Each entry in the “Mixed nuts” series is a collection of random and, occasionally, relevant observations. The series originally was inspired, as noted in the first “Mixed nuts” post, by the famed “Scattershooting” newspaper columns penned by the late Blackie Sherrod.
Sliding into the “Wow, finally, I did live to see it” category is this week’s 1.0 release, after years of beta testing, of the cross-platform1 Typora text editor app. After a fifteen-day free trial of the full app, the price is fifteen bucks. That’s a one-time license fee, so you inveterate subscription haters can stand down. Give it a try. (I’m writing this on it right now, as a matter of fact.)2
A pro tip for anyone who, as do I, lives in a place where fall is just now starting to feel like fall: suddenly cool temperatures can make your vehicles’ tires lose pressure much more quickly than you might think. I thought it had to get below freezing and stay there for a day or two before this would happen, but I’ve learned (the sort of hard way, but fortunately not too hard way) it happens if you simply reach the mid-forties (F.) or so.
At least here in the northern suburbs of Dallas, many of the retail areas seem to have standardized on giant ball ornaments like these, especially red ones, as the external decoration of choice for this year’s holiday shopping season. Didn’t get the memo but, then, I never do.
Autoprefixer no longer runs on this site. After comparing last May’s “Is Vendor Prefixing Dead?” with the CSS this site actually uses, I simply decided Autoprefixer had ceased to be necessary. (If you believe I’m being too hasty, please let me know.)
It’s only anecdotal evidence, but I’d say that, right now, Google’s YouTube TV streaming service has significant pixelation issues when running on at least some Amazon Fire Sticks. Not surprisingly, the problem doesn’t seem to be nearly as bad for Chromecast with Google TV devices. Note to self: file that under “Things that make you say, ‘Hmm.’”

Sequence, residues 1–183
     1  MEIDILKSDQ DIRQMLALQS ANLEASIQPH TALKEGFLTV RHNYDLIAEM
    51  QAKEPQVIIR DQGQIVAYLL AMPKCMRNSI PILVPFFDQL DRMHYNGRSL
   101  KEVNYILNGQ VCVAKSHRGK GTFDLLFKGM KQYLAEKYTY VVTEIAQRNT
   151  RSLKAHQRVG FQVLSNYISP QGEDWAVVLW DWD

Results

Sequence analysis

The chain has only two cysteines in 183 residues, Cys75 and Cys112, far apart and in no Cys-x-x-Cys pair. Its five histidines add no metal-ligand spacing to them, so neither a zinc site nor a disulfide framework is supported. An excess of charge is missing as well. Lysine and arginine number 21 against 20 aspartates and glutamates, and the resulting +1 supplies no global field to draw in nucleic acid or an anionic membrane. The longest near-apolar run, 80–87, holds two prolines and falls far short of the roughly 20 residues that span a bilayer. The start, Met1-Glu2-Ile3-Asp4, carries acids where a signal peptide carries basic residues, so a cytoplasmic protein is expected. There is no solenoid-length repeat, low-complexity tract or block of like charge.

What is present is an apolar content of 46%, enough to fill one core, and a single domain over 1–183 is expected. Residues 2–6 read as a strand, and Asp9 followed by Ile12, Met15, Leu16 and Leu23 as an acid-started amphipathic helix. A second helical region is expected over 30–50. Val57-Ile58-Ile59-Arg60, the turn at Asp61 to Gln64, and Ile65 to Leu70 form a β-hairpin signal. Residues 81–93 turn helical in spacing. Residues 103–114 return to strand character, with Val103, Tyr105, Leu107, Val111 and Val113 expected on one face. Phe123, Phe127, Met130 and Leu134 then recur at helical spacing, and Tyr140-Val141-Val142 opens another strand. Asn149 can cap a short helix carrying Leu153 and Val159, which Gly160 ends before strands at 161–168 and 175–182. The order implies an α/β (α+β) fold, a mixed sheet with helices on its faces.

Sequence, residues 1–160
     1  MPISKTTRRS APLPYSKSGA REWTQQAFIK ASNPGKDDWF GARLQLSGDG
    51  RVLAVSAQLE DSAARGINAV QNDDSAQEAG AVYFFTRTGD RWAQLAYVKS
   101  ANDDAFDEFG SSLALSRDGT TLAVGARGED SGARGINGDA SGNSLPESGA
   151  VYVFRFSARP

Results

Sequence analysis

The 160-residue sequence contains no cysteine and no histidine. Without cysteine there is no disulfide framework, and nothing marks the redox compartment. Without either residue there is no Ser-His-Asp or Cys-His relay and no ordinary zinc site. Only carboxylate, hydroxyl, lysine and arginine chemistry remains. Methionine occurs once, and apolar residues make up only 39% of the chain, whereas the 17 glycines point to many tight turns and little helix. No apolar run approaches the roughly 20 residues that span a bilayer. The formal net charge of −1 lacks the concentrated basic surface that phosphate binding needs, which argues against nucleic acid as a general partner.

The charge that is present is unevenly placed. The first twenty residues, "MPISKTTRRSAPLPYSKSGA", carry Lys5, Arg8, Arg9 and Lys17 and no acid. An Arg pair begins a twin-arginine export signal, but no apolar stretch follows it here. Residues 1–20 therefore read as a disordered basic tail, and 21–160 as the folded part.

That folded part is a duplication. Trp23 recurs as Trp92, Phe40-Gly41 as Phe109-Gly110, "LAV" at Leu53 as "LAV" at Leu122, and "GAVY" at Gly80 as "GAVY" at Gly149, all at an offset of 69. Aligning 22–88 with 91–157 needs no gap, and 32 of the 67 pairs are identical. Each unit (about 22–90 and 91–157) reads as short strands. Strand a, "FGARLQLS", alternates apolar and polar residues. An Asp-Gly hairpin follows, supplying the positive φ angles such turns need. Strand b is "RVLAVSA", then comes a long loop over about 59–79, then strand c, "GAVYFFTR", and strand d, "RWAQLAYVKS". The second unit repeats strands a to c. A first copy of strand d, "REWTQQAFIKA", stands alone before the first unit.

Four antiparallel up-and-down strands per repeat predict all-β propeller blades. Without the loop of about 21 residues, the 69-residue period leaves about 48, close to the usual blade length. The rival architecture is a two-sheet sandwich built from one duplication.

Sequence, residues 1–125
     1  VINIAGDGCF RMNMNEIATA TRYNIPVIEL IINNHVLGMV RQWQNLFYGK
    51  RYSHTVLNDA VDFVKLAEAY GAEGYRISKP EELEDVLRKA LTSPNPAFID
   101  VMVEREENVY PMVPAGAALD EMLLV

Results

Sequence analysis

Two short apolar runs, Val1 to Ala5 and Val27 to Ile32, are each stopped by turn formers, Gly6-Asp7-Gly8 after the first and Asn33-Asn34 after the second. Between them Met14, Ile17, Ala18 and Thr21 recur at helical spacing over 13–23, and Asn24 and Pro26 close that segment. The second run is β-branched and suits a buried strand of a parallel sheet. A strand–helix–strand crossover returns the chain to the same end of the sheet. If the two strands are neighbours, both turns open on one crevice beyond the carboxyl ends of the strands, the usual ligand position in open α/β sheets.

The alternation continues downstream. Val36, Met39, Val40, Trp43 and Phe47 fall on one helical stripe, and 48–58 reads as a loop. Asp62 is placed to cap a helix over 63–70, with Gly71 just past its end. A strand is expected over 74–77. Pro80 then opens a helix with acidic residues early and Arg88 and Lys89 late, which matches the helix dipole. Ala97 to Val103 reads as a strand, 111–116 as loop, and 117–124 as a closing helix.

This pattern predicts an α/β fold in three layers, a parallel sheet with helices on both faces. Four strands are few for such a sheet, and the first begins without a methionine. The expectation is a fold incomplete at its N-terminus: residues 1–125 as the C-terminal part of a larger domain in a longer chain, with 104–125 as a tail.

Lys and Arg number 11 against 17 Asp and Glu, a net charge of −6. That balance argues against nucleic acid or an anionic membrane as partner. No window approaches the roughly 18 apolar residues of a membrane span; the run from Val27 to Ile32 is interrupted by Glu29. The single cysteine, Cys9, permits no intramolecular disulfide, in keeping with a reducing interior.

If you’re at a party with web developers who’ve been pried away from their coding, casually mention the term “partial hydration” and watch their eyes light up. Just be sure you don’t suggest it has something to do with not drinking enough water.
Have recently been beta-testing the Orion web browser for macOS. Orion is an attempt to make a better version of Safari (write your own jokes), using the same WebKit engine. One particularly interesting aspect of Orion is that it actually allows use of extensions for Chrome and Firefox.3 There’s also an iOS version in beta, but I haven’t yet seen it.
Note: Clicking the video constitutes your consent to view it via YouTube (including cookies). To view it on the YouTube site instead, please use this link, which opens in a different browser window/tab.
Be advised that the support for those other extensions is pretty spotty for now. Still, as the saying goes: if you find a talking dog, don’t criticize his grammar. The fact that Orion has any ability to use extensions built for other browser engines is pretty cool. ↩︎
Commenting by giscus.